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The following information is provided by Nationwide, the No. 1 farm and ranch insurer in the U.S.

There’s a lot happening around the world that’s applying downward pressure to revenue prospects for farmers. Inflation, logistical hurdles, rising energy and crop input prices at home and conflict overseas could all continue to contribute to the erosion of farm revenue potential.

But maximizing farm revenue requires investment. That investment is likely to come with some sticker shock this spring and beyond. The right insurance coverage can help.
Staying on top of your insurance coverage can help keep unexpected expenses like rising replacement costs from cutting potential farm revenue. A close eye on your coverage and a call to your agent can help make sure these costs don’t add to the financial pressure caused by inflation and other factors at home and abroad.

“All of these issues have a big impact on farm operational costs. We’re seeing higher prices for energy, machinery and many other inputs,” said Nationwide Senior Economist Ben Ayers. “It puts a lot of pressure on revenues many farmers are facing.”

Connecting with your agent is key

NationwideDuring this time of uncertainty, Nationwide and your local Nationwide farm agent are working hard to help farmers maintain the right coverage levels without incurring too much additional cost. Now is time to talk with your agent.

“My immediate concern is making sure you have adequate coverage,” said Nationwide Associate Vice President for Agribusiness Regional Sales Nick McCleish. “We have to make sure the amount of insurance is keeping pace with rising costs.”

McCleish cites a recent example when a farmer had to replace a $75,000 grain cart. But at the time of replacement, the price for that grain cart had surged to $90,000. That meant the farmer paid the additional cost out-of-pocket. “Paying those types of increased costs become much more difficult if you don’t keep your policy updated,” McCleish said.

Adding inflation guard coverage can help

The optional inflation guard coverage can help prevent such revenue losses by increasing dwelling and structure coverage limits at policy renewal. Also known as Construction Cost Adjustment, it helps to account for inflation in replacement or construction costs based on appraisals.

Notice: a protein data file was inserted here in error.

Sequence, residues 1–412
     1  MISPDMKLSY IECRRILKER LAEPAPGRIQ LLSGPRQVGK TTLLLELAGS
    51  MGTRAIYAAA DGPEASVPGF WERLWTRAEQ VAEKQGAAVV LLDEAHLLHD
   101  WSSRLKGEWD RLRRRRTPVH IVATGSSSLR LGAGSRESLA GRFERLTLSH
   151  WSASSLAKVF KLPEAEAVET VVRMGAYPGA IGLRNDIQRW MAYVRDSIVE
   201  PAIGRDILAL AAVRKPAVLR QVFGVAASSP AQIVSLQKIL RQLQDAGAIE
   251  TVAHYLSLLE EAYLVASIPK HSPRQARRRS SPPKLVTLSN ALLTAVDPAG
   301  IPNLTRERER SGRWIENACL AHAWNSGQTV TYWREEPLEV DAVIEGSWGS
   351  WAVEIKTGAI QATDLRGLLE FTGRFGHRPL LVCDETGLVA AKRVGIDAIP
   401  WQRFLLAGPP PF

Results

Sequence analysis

But inflation guard doesn’t always cover all additional costs. It’s important to have a good idea of costs for things like building materials and equipment ahead of time. Then match coverage levels to potential unexpected replacement or repair needs.

“Your insurance should not be a ‘set-it-and-forget-it’ type of activity. Keep your agent up to speed on how your operation’s changing. Make sure you’re covered appropriately,” McCleish said. “Have an agent that understands your operation, and the uniqueness of what you’re trying to do. Our Farm Certified agents serve that purpose.”

Visit AgInsightCenter.com for more expert tips and information from Nationwide.

*A.M. Best Market Share Report 2020. Nationwide, the Nationwide N and Eagle, and Nationwide is on your side are service marks of Nationwide Mutual Insurance Company. © 2021 Nationwide
Having opportunities to attend leadership institutes, advocate for rural Ohioans on the state and national level, facilitate young ag professionals events, and serve in a variety of leadership positions have helped my skills grow exponentially.
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Sara Tallmadge

Ashland County Farm Bureau

Growing our Generation
Labor has always been an issue, mainly because we are a seasonal operation. So that's a challenge finding somebody who only wants to work three months out of a year, sometimes up to six months.
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Mandy Way

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Business Solutions
If it wasn't for Farm Bureau, I personally, along with many others, would not have had the opportunity to meet with our representatives face to face in Washington.
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Austin Heil

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I was gifted the great opportunity through an Ohio Farm Bureau Foundation Youth Pathways grant to run a series of summer camps here. That really expanded my vision of what ‘grow, maintain, sustain and explain’ could actually be.
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Jim Bruner

Mezzacello Urban Farms

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I see the value and need to be engaged in the community I live in, to be a part of the decision-making process and to volunteer with organizations that help make our community better.
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Matt Aultman

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Leadership development
So many of the issues that OFBF and its members are advocating for are important to all Ohioans. I look at OFBF as an agricultural watchdog advocating for farmers and rural communities across Ohio.
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Mary Smallsreed

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